Bank Bonds Versus Shares - Will The Banks Grow In 2017?
But can we count on them to continue delivering, or is it time to look at other forms of exposure to the sector?
In terms of companies listed on the ASX, Commonwealth Bank, to my mind, is the lowest risk. The other three majors, Westpac, NAB and ANZ, are also low risk propositions for a number of reasons: they are tightly regulated by the Australian Prudential Regulation Authority, which elevates them above other corporations on the risk scale; the government guarantees deposits of up to $250,000 per entity without any charge, meaning in the worst case scenario many creditors are protected; they operate in an oligopoly; and, they are critical to the financial health of the country.
So what are the risks of investing in bank shares? Like any equity investment, bank returns are generated from a combination of dividends and share price.
The question for investors right now is whether they can continue to grow their franchises in a low interest rate environment awash with cash where there is fierce competition for new business.
While the greatest risk is that a bank can’t pay its debts and goes into a wind up, it is extremely remote. The more likely threat is to earnings with the potential for rising bad and doubtful debts in a slowing economy that could see a decline in dividends and share price rerating.
If we consider a worst case scenario, we can use the GFC as a possible predictor. In the CBA’s case, the value of its shares fell roughly 60 percent during the GFC.
Over the last year, CBA shares are down circa 13.5 percent from $86.76 to $75.07 on 22 June. The loss is reduced if you add back dividends and franking. All of the three other banks’ share prices also lost value, with ANZ and NAB down around 25 per cent. This sort of performance indicates growing concern over future earnings.
If you share these concerns, but still like the idea of having exposure to the banks, it may be worth considering bonds.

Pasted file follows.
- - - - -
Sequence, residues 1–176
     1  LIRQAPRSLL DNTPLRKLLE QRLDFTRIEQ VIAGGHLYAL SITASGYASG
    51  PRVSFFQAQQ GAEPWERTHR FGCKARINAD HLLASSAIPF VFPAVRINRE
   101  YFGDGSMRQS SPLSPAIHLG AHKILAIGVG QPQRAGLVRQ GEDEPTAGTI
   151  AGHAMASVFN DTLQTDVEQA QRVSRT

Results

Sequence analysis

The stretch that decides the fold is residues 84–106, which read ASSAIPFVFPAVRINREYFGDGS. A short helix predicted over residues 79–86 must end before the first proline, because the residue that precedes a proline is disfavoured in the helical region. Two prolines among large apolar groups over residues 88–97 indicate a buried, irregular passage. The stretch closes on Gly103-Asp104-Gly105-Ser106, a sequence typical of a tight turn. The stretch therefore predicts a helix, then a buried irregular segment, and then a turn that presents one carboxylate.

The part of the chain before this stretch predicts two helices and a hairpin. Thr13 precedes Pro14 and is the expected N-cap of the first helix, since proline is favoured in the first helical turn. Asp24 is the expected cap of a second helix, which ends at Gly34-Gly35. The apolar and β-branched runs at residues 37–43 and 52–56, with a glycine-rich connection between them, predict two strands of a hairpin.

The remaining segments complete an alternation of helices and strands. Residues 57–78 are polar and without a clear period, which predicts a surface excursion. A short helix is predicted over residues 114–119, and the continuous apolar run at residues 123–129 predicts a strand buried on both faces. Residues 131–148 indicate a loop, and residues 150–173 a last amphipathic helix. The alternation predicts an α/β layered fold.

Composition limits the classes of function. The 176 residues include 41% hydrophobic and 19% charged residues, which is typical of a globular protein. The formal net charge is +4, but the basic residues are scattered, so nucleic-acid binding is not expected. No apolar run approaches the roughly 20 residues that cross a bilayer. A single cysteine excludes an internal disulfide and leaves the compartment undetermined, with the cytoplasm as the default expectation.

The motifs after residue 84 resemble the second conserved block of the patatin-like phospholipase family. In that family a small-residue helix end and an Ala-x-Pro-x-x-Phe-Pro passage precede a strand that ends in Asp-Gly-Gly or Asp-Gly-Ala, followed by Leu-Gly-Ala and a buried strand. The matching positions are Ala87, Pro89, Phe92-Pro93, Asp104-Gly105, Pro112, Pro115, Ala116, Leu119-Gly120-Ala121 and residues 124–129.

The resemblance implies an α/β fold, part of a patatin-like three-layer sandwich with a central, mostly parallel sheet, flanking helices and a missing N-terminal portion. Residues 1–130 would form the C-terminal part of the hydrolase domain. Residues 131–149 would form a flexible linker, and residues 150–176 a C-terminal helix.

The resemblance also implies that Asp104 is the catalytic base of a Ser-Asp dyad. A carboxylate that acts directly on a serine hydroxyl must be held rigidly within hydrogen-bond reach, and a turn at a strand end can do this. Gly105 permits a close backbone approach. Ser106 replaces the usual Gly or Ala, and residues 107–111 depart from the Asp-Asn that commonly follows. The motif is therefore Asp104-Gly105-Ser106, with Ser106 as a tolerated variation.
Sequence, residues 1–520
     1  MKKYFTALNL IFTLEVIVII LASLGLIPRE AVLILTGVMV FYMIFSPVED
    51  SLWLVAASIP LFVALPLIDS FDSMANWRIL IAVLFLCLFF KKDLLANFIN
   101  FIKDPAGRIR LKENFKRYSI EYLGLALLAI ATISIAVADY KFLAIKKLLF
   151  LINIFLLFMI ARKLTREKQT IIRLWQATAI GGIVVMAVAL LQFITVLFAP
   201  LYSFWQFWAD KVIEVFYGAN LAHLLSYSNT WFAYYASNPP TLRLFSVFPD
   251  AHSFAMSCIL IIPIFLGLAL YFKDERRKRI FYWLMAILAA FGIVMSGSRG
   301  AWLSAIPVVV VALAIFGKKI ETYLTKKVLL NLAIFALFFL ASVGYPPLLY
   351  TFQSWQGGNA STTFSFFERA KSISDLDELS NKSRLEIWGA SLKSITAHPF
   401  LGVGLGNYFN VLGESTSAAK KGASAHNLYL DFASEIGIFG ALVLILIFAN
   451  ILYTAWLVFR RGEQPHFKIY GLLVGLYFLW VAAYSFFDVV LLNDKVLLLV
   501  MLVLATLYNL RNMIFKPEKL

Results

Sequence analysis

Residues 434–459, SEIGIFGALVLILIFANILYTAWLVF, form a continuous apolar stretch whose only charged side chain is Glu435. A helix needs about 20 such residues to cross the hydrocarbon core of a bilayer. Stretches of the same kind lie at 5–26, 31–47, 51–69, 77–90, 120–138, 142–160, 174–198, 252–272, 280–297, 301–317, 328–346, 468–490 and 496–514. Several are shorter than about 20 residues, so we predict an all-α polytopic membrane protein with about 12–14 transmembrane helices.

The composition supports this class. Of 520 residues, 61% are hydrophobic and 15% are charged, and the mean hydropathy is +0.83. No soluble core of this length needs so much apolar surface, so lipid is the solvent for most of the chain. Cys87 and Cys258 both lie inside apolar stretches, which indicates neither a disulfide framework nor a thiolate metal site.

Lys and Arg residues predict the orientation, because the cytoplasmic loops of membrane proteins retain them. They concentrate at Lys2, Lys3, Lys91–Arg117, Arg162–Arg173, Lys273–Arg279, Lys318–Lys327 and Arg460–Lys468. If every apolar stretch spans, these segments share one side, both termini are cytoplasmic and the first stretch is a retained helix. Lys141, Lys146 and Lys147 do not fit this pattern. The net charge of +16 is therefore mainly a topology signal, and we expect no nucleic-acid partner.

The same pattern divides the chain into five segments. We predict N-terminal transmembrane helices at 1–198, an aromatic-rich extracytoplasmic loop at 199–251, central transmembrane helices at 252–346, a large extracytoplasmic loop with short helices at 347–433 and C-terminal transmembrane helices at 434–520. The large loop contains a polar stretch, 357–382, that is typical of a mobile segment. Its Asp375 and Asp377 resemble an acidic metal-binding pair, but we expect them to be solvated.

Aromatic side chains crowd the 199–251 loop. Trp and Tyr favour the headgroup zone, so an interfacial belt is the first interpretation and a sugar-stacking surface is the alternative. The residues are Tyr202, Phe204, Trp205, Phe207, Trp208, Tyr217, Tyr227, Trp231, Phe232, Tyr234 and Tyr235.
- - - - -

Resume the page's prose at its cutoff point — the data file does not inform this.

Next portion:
All the major banks issue a wide range of bonds in domestic markets as well as in foreign currencies. The drivers for investment are different to shares as bonds are a legal obligation and the bank cannot cut or forgo interest and it has to pay the face value of the bonds, usually $100, back at maturity. Bond investors are less concerned with growth; their main concern is that the company can make the payments when due. I like to say the main factor to consider when investing in bonds is the “survivability” of the bank or company.
I think it’s easy to say that all four major banks will survive in the long term – just like the shares, the bonds have the same benefits. But they have the added protection of shareholders that must absorb losses before they will lose any money.
Because bonds are lower risk they should have lower returns, but this isn’t always the case, as the last year demonstrates. Investing in a senior or subordinated bank bond will earn you between 3.0 and 4.4 percent per annum, which is the rate of interest on offer. Like shares, bonds are tradeable, you can sell them prior to maturity and the price moves up and down, so you can achieve higher than expected returns if the price of the bond rises.
If the price of the bond drops, because a bond will pay $100 face value at maturity, you have that as a backup and if you do nothing a bond will naturally mature. An investment in an Australian bank or corporate bond, will earn a positive return if held to maturity.
While bonds are lower risk, they don’t offer franking, which is a major benefit of shares. But it’s easy to get caught up in franking, when it’s not the main determinant for investment. Shares are also more accessible as they are available on the ASX. Most bonds are traded in the over the counter market and you must find a dealer/broker in order to trade. Three bank bonds are available as XTBs but this is miniscule in terms of the overall market. Most of the big banks now offer direct bond investment but they require high minimum amounts and only make them available to wholesale investors.
There’s a time to own shares and a time to own bonds. Ongoing volatility will provide opportunities in both shares and bonds but if you are seeking long term capital and income certainty, bank bonds may be your preference in the current economic climate.
Originally published in The Australian on 25 June 2016
Elizabeth Moran is a director of education and fixed income at Sydney-based bond broker, FIIG Securities.
She is a specialist on the bond market and regularly presents at conferences across Australia. Elizabeth is the editor of FIIG's weekly newsletter The Wire and is the is the author of "The Australian Guide to Fixed Income".